The Haunted Mansion: My youngest daughter would have no part of this, but my elder daughter decided to go for it.  She was very nervous in the beginning, but by the time it was over she absolutely loved it.  As you enter the ride, you’ll stand in a room with a large group of people.  Soon enough, the room gives the illusion of slowly descending.  Be sure to look at the pictures on the walls as you drop–there’s some funny stuff happening.  Once you finish your descent, a door appears and then you get into a buggy to ride throughout the house.  This is a very dark ride, but the mood is pretty humorous.  It could be intense for little ones who don’t pick up on the jokes.  When taken at face value, the holographic ghosts, tomb stones, and coffins could be considered scary.  My daughter heard the funny narration and noticed the gags, though, so she realized it was meant to be more of a thrill than a fright.  She loved it so much, we were sure to hop on a few times during our stay.

Attractions

Tom Sawyer Island: Though we didn’t visit this little island found in Frontierland in 2018, we gave it a try in 2017 and found it charming.  It’s exactly what it sounds like–a replica of Tom Sawyer’s backwoods turf.  You’ll follow paths, find small caves, cross a few hair-raising bridges, and eventually even stumble upon an actual military fort.  Be warned, though, you can only get across and back by using a small ferry.  As you’re on this little island, it’s easy to forget you’re at Magic Kingdom.  It’s a transitional experience.  We particularly found it appealing because it wasn’t nearly as busy as the mainland.  The kids had room to hike, explore, and bounce around.

Prince Charming Regal Carousel: I lost count of how many times my daughters rode on this carousel–they obviously loved it!  This huge carousel is pretty much right at the center of the kingdom, and though there is always a line, it moves fairly quickly because there are almost 100 creatures to ride upon.  You may remember that we like to close out parks, so once it gets near closing time, you can jump on this carousel pretty much at will.

Enchanted Tales With Belle: If you have a fan of Beauty and the Beast in your family, this is a must.  First of all, you enter an amazing room belonging to Maurice with so many fun, fun details.  You next enter a big room with the talking wardrobe.  At that point, she will ask for child volunteers to play roles in a reenactment of the famous story.  Trust me when I tell you that there is literally a part for every child in the room.  Next, you are ushered into Belle’s library.  The adults sit on benches and the children wait along the walls ready to rush in when appropriate.  Belle herself soon enters, and I guarantee you will hear a collective gasp when she does so.  The kids are absolutely mesmerized by her.  We were fortunate in 2017 that my oldest daughter got to play the lead role opposite Belle–we were amazed!  Best of all, every child in the room gets a photo opportunity at the end with Belle , and then the princess will personally give the child a small gift.  Like I said, if you’re a fan of Beauty and the Best, you can’t go wrong with this attraction.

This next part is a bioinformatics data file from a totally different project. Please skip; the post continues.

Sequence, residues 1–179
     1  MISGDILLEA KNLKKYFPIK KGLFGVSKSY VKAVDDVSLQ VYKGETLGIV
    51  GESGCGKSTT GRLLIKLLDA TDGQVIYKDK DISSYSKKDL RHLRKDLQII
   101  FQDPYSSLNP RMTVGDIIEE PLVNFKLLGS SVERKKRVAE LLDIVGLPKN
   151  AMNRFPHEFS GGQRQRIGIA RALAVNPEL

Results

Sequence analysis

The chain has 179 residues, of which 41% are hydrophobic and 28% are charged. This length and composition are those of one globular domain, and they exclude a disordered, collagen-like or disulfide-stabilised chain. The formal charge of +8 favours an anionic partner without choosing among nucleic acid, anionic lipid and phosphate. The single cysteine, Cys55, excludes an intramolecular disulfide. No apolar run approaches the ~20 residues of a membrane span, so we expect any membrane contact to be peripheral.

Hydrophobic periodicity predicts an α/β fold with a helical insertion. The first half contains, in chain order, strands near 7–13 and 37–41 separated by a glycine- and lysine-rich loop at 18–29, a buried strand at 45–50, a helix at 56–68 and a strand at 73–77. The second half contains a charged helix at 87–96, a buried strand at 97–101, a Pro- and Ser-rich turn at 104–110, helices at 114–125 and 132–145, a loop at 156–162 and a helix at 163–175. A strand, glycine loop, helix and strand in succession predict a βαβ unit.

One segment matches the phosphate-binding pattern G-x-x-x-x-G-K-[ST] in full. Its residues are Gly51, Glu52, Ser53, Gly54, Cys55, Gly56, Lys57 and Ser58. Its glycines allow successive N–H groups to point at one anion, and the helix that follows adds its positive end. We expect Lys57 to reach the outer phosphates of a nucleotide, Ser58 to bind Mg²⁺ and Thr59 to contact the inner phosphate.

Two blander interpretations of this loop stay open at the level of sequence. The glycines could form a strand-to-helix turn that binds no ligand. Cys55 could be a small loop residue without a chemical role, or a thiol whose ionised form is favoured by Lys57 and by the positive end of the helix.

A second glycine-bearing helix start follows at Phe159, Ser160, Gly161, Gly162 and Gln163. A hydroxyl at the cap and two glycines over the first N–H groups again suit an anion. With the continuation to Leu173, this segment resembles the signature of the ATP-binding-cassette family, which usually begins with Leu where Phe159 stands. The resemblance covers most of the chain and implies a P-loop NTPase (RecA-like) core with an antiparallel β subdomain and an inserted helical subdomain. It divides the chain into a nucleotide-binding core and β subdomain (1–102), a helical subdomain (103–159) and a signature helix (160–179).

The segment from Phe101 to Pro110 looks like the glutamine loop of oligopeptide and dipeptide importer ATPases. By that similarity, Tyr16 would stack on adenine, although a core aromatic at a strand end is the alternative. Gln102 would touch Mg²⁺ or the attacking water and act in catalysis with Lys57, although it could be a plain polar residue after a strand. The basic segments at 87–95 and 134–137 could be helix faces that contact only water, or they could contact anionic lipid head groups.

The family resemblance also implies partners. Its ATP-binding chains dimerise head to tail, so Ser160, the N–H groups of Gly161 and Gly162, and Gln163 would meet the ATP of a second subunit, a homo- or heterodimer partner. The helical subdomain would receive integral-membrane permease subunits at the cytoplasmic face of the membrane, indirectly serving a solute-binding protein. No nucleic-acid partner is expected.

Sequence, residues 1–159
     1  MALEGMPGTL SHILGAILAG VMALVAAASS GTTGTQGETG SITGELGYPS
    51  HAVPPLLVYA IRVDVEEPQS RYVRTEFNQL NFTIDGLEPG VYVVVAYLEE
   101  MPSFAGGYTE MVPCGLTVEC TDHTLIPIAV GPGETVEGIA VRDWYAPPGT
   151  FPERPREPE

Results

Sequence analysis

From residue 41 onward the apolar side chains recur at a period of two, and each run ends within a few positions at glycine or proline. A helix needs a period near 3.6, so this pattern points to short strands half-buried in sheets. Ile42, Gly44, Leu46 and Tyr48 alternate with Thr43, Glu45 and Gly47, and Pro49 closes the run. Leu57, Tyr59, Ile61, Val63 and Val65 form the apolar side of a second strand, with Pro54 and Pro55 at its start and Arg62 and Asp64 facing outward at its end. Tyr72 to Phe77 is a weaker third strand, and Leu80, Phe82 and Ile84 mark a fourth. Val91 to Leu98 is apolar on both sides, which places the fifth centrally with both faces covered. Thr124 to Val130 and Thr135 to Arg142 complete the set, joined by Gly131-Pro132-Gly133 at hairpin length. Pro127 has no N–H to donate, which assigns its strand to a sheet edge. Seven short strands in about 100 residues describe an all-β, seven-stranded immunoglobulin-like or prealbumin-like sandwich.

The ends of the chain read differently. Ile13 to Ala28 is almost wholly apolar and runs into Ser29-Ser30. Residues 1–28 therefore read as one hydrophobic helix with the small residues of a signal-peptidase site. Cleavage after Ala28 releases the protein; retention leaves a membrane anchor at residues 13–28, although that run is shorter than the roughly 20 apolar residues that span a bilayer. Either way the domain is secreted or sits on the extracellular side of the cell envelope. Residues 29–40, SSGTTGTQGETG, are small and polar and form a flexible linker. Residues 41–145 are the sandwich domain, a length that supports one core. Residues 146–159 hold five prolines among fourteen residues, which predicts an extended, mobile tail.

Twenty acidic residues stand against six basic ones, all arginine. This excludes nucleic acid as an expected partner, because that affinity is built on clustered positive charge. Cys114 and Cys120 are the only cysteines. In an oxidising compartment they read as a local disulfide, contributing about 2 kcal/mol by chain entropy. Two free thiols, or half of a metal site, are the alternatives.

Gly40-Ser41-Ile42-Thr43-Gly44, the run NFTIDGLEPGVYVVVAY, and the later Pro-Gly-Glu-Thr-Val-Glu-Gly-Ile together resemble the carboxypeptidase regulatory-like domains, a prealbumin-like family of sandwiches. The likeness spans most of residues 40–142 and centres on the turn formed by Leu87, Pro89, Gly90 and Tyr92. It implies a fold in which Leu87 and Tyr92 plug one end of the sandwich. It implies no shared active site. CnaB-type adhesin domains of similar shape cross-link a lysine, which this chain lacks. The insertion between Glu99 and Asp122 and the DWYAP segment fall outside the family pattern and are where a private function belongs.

Liberty Belle Riverboat: Though this is a steamboat replica in almost every respect, it clearly follows a track under the water.  It’s especially fun because the 20 minute ride is narrated by Mark Twain himself!  The ride takes you along a vast river which sometimes allows you a good view of the park.  It also takes you through the wilderness, though, and at that point you’ll see the life of frontiersmen and indigenous wild.  We did this ride in 2017 but passed on it during our 2018 trip.  I definitely think it’s worth enjoying at least once.  With three levels for passengers to sit, it wasn’t crowded at all and my daughters got to stand at the front of the boat exactly where they wanted.

Monsters, Inc. Laugh Floor: If you need a break from the heat, this will be an entertaining 10 or 15 minutes.  While seated in a theater, Mike Wazowski informs you that they’ve figured out how to use laughter to fuel their batteries rather than screams.  At that point, his fellow monsters come out–digitally on screen–and try to make you giggle.  The jokes are corny but fun, and they even get the audience in on the act.

Mickey’s Philharmagic: Right next to the carousel, Mickey’s Philharmagic is another attraction that my daughters simply couldn’t enjoy enough.  I have no idea how many times we saw this show between our 2017 and 2018 trips, but it was a lot.  You’ll sit in what looks like a classic theater while wearing 3-D glasses.  Once the show starts, your kids will be mesmerized.  Donald Duck basically loses Mickey’s magical hat right before a symphony begins and must travel through the worlds of Aladdin, The Little Mermaid, The Lion King, and more while trying to recover it.  Each world presents a famous song from the movie with astounding 3-D effects.  I caught both of my kids on several occasions reaching out for items that they thought were stretching from the screen toward them.  It’s also really fun because the back of the seat in front of you will blow out puffs of air in coordination with what is happening on screen, as well as a few other surprises that I’m not going to spoil for you.  Be sure to look behind you and up at the end of the show, by the way.  You’ll see a sight that delighted my kids every time.